She began to cry and asked, “How do I take care of my seven children?”
We prayed with her and gave her money for her family and two FBR medals in recognition of her husband’s service as a local aid worker and environmentalist. She said she will go deeper into the jungle to hide from the Burma Army.
We stepped out of the hut and met Saw O Moo’s mother and another man who was shot earlier by the Burma Army. “We just need peace,” said Saw O Moo’s brother.
It does not look like the Burma Army will give them that.
Thank you for caring and God bless you,
Dave, family and FBR
*Burma Army troop reinforcements have since grown to over 600 and include three bulldozers.
Context and Background
With more reinforcements coming and bulldozers, the Burma Army is building a road to bisect this northern area in order to further project their power. During the Burma Army offensive of 2006 and 2007, the Burma Army built a north-south road connecting their camps of Ler Mu Plaw and Kay Pu. Many smaller camps were also built along this roadway.
The KNLA, a Karen resistance group, KNLA fought to regain this area. By the end of 2011, the Burma Army no longer used the road between Ler Mu Plaw and Kay Pu and had withdrawn from the camps in between.
After the signing of the preliminary ceasefire agreement in January 2012, villagers waited for a few years to see if the peace would last and if they could trust the Burma Army to uphold their ceasefire agreement.
Starting in 2013, villagers began farming again in areas close to the then-abandoned Burma Army camps. In 2017, many villagers who had been displaced since 2006 or earlier began moving back to the area between Ler Mu Plaw and Kay Pu. After the 2012 ceasefire people started to trickle back in, but now the Burma Army has returned in force to push a road through again.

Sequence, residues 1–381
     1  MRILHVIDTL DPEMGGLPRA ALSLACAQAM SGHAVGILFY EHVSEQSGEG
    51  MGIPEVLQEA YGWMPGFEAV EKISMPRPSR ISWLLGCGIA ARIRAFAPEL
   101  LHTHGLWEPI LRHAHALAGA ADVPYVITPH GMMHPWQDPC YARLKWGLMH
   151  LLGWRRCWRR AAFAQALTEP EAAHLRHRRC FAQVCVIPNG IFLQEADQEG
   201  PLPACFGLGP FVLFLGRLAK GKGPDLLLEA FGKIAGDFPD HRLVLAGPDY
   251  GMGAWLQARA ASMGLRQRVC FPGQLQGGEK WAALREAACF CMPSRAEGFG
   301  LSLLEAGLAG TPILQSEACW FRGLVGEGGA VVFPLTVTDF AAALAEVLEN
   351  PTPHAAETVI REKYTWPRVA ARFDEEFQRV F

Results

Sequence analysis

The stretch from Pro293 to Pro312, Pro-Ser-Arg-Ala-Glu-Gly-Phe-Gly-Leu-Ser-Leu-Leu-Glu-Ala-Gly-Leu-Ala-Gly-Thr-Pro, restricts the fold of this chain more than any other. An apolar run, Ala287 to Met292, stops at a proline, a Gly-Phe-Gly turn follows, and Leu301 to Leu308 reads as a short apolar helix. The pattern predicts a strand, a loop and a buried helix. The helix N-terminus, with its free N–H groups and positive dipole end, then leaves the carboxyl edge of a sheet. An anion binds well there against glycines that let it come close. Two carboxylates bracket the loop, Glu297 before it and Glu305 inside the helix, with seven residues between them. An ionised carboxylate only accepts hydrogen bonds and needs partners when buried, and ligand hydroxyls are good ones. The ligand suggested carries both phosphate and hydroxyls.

Starting this March, the Burma Army shot at and mortared villages, driving over 2,500 people from 14 villages out of the Ler Mu Play valley. The villages include: Ler Mu Plaw, Yee Gaw Lo Der, Blaw Koh, Kaw Ter Der, Htee Keh Kee, Kay Pu, Baw Lay Der, Ta Keh Der, Bo Nar Der/ Tokho Mu Der, Gay Thoo Khi, Sho Per Kho, Loh Ko, Tha May Khi, Thay Thoo Khi.
The murder of Saw O Moo and the displacement of over 2,500 people is further proof of the Burma Army violating the ceasefire. Under General Thein Sein’s government in 2012, ethnic groups negotiated a ceasefire that included regulations on troops, deployment of military force, troop movement zones and protection of civilians.
The Karen National Union (KNU) signed a preliminary ceasefire agreement and by October 2015 a final Nationwide Ceasefire Agreement (NCA) was signed by several of the major ethnic groups. Since late February 2018, the Burma Army has violated the agreed-upon terms regarding troop movement and NCA code of conduct in Karen State.
Thein Sein’s presidential office oversaw ceasefire negotiations until Aung San Suu Kyi’s National League for Democracy (NLD) came to power in November 2015. Since then, the NCA has been under the control of the Burma Army. As a result, not only have ceasefire talks stalled, but they have regressed from the Burma Army’s disregard of the NCA’s code of conduct and aggressive military actions in Karen State.
*Edit Correction: This report was edited to correct (KNO) to (KNU).